Lin v. Solta Medical, Inc. et al

Filing 107

Discovery Order re 106 Discovery Letter Brief.(pjhlc2, COURT STAFF) (Filed on 6/5/2024)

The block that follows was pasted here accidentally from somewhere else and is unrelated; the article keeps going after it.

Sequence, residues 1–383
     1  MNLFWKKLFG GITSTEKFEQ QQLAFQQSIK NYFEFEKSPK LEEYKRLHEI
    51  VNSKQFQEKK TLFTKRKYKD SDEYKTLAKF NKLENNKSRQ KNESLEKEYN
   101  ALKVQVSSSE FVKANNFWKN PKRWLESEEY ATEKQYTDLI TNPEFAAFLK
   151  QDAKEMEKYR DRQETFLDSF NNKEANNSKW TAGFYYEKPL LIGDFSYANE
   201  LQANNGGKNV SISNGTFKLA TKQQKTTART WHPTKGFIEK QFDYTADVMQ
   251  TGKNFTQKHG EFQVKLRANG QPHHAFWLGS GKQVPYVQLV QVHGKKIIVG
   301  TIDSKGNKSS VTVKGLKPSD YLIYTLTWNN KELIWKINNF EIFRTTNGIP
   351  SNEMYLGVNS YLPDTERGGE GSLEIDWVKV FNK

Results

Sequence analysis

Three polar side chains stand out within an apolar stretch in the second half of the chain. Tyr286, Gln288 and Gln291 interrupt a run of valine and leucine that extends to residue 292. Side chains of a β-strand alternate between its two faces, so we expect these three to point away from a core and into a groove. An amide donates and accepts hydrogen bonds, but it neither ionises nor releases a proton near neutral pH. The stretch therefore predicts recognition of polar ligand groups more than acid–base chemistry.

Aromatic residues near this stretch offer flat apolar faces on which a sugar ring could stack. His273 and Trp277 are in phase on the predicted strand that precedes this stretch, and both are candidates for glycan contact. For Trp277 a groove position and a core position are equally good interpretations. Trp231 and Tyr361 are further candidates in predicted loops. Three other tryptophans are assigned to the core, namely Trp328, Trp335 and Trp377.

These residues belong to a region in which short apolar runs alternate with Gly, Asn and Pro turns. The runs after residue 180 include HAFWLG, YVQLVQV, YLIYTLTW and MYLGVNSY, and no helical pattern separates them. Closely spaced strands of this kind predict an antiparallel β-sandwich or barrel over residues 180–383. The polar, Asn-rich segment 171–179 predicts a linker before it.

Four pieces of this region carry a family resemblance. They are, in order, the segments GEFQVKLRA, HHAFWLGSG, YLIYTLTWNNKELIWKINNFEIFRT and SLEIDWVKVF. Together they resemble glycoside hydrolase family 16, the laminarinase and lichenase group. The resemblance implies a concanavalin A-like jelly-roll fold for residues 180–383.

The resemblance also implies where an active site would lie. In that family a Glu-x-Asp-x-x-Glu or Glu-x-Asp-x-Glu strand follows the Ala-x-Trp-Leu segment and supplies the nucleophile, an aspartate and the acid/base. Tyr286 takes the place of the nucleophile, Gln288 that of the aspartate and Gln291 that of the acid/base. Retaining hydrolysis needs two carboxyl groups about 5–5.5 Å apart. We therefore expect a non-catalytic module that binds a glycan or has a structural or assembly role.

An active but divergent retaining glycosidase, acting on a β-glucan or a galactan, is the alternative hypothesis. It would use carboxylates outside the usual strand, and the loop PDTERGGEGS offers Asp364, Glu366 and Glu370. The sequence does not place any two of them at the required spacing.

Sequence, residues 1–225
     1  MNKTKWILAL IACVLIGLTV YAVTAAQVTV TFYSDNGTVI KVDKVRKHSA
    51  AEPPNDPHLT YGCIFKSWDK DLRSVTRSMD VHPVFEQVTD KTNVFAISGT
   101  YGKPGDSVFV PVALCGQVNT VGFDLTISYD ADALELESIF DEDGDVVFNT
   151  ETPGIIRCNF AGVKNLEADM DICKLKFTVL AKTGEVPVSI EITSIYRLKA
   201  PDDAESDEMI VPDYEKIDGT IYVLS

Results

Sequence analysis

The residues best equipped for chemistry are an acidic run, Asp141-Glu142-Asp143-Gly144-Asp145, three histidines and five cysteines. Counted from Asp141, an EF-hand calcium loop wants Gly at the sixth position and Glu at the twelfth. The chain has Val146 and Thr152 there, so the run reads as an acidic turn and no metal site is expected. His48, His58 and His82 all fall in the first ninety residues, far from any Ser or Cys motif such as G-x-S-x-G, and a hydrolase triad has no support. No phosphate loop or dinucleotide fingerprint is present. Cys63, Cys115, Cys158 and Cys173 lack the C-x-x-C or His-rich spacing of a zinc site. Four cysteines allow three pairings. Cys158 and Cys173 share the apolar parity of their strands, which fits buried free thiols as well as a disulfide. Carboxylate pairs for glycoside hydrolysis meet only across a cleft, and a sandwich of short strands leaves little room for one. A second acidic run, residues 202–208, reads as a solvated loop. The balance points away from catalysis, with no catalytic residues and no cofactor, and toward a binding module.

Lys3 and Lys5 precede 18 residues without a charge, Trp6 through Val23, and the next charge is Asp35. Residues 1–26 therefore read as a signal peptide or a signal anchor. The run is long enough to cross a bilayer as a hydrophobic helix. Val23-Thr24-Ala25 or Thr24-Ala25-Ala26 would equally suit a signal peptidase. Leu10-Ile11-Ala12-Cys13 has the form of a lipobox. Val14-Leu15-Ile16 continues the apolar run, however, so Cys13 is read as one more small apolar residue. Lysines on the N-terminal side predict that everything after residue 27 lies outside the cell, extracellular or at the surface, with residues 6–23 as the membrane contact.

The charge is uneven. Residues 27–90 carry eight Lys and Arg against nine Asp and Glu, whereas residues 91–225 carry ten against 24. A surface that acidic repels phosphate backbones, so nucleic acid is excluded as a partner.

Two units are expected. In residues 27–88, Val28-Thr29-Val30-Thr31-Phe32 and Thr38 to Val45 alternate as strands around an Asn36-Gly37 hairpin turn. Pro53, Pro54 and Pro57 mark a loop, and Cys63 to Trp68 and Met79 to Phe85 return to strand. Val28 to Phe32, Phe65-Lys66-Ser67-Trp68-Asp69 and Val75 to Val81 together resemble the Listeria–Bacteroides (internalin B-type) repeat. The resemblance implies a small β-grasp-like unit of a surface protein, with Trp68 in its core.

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1 2 3 4 UNITED STATES DISTRICT COURT 5 NORTHERN DISTRICT OF CALIFORNIA 6 7 HSIN LIN, v. 9 United States District Court Northern District of California Case No. 21-cv-05062-PJH Plaintiff, 8 DISCOVERY ORDER 10 SOLTA MEDICAL, INC., 11 Defendant. Re: Dkt. No. 106 12 13 Before the court is the parties’ fifth joint discovery dispute letter. Dkt. 106. Having 14 15 read the parties’ submissions and carefully considered their arguments and the relevant 16 legal authority, and good cause appearing, the court hereby rules as follows. 17 The parties present two issues. First, they dispute the appropriate length and 18 scope of plaintiff’s second deposition. Second, they dispute whether defendant must 19 produce images that were part of otherwise-produced complaint files. 20 A. 21 Second Deposition of Plaintiff Solta Medical, Inc. (“Solta”) seeks four additional hours to depose plaintiff. Plaintiff 22 has already sat for a 7.5-hour deposition. Federal Rule of Civil Procedure 30(d)(1) limits 23 a deposition to 1 day of 7 hours absent agreement between the parties or a court order. 24 “The party seeking a court order to extend the examination, or otherwise alter the 25 limitations, is expected to show good cause to justify such an order.” Fed. R. Civ. P. 30 26 advisory committee's note to 2000 amendment. 27 28 Solta argues that good cause exists for the extension for three reasons: first, defense counsel left the deposition open, and plaintiff’s counsel agreed; second, 1 plaintiff’s counsel’s extensive speaking objections consumed an undue amount of 2 deposition time; and third, the deposition required a translator, which when compounded 3 with plaintiff’s counsel’s lengthy speaking objections consumed an undue amount of 4 deposition time. Plaintiff addressed only the first argument. “The rule directs the court to allow additional time where consistent with 5 6 Rule 26(b)(2) if needed for a fair examination of the deponent. In addition, if the 7 deponent or another person impedes or delays the examination, the court must authorize 8 extra time.” Id. “Parties considering extending the time for a deposition—and courts 9 asked to order an extension—might consider a variety of factors. For example, if the 10 witness needs an interpreter, that may prolong the examination.” Id. Defendant’s argument that the use of a translator—coupled with the fact that United States District Court Northern District of California 11 12 plaintiff’s first deposition occurred nearly a year ago—establishes good cause to extend 13 plaintiff’s deposition an additional four hours, during which time defense counsel may 14 question plaintiff on any relevant topic. 15 B. Photographs of Other Patient Burn Injuries 16 The parties dispute whether Solta must produce images of other patients that were 17 part of otherwise-produced complaint files. As part of discovery, plaintiff timely requested 18 Solta’s internal files concerning other people who complained about Solta’s machine. 19 The court ordered production of these files, subject to some redaction of personal 20 identifying information of non-party patients. Photographs are normally part of those 21 complaint files, and Solta failed to produce those photographs without notifying plaintiff. 22 Plaintiff learned about the existence of those photographs through depositions. 23 Solta first argues that the request is untimely. Second, Solta has declined to 24 produce those photographs because they are protected patient information under the 25 Health Insurance Portability and Accountability Act (“HIPAA”) and California law. 26 First, Solta’s argument that the production request is untimely is unavailing. The 27 request was timely; Solta simply failed to produce the responsive materials. Solta cannot 28 escape its discovery obligations by silently withholding responsive materials. Even if it 2 1 could, Solta must produce those materials pursuant to its ongoing obligation to 2 supplement or correct its responses upon learning that in some material respect the 3 disclosure or response is incomplete or incorrect. See Fed R. Civ. P. 26(e). United States District Court Northern District of California 4 Second, Solta’s argument that it cannot produce these relevant materials because 5 of federal and California privacy laws is unavailing. It is true that personally-identifying 6 materials are subject to various privacy laws, and that photographs of faces can in some 7 circumstances be considered personally-identifying materials. But protected health 8 information can be shared and produced pursuant to certain exceptions, including court 9 proceedings. For example, a party is permitted to disclose protected health information 10 under HIPAA “in the course of any judicial or administrative proceeding . . . [i]n response 11 to an order of a court or administrative tribunal”. 45 C.F.R. § 164.512(e)(i). It may also 12 do so “[i]n response to a subpoena, discovery request, or other lawful process, that is not 13 accompanied by an order of a court or administrative tribunal” if a “qualified protective 14 order” is in place binding the receiving party. 45 C.F.R. § 164.512(e)(ii)(B). The 15 protective order must prohibit “using or disclosing the protected health information for any 16 purpose other than the litigation,” and require “the return to the covered entity or 17 destruction of the protected health information (including all copies made) at the end of 18 the litigation or proceeding.” 45 C.F.R. § 164.512(e)(v). 19 Here, the parties have stipulated to a protective order which protects the third 20 parties' medical records. Stipulated Protective Order, Dkt. 47 (“PO”). The protective 21 order satisfies the requirements of HIPAA because it (1) prohibits the parties from using 22 or disclosing the protected health information for any purpose other than the litigation or 23 proceeding for which such information was requested (PO ¶ 7); and (2) requires the 24 return or destruction of the protected material at the conclusion of the litigation (PO ¶ 13). 25 See 45 C.F.R. § 164.512(e)(v). Thus, the protective order is adequate under HIPAA to 26 protect third party information, and the materials may be produced subject to the 27 protective order’s “CONFIDENTIAL” designation. Courts routinely require such 28 production. See, e.g., F.G. v. Coopersurgical, Inc., Case No. 24-cv-01261-JST, 2024 WL 3 United States District Court Northern District of California 1 2274448, at *5 & n.4 (N.D. Cal. May 20, 2024) (“The production of such information shall 2 be subject to a qualifying protective order.”); Stallworth v. Brollini, Case No. 11-cv-04841- 3 JSW-LB, 2013 WL 2156267, at *2 (N.D. Cal. May 17, 2013) (“The relevant rules allow 4 production pursuant to a protective order.”); Hutton v. City of Martinez, 219 F.R.D. 164, 5 167 (N.D. Cal. 2003) (“HIPAA does not preclude production of the medical records”). 6 Similarly, the California Confidentiality of Medical Information Act (“CMIA”) 7 prohibits California health care providers from disclosing medical information, except as 8 permitted by California law. Cal. Civ. Code § 56.10. CMIA does not preclude disclosure 9 here, as it permits a health care provider to disclose medical information pursuant to “[a] 10 court order” (Cal. Civ. Code § 56.10(b)(1)), “a subpoena”, or “any provision authorizing 11 discovery in a proceeding before a court” (Cal. Civ. Code § 56.10(b)(3)). 12 Accordingly, even though the photographs at issue may be the kind of identifying 13 material that should be protected, given the importance of counsel’s and perhaps experts’ 14 ability to compare injuries, the materials are relevant, and the protective order in this 15 action permits Solta to produce them in compliance with the privacy statutes it identifies. 16 Solta is therefore required to produce the requested photographs of third-party persons in 17 its complaint files. 18 However, plaintiff and her counsel are strongly admonished that these 19 CONFIDENTIAL materials must be handled in compliance with the terms of the 20 governing protective order. Given plaintiff’s counsel’s prior disclosure of information in 21 violation of the protective order, any further violation will result in sanctions. 22 23 24 25 IT IS SO ORDERED. Dated: June 5, 2024 /s/ Phyllis J. Hamilton PHYLLIS J. HAMILTON United States District Judge 26 27 28 4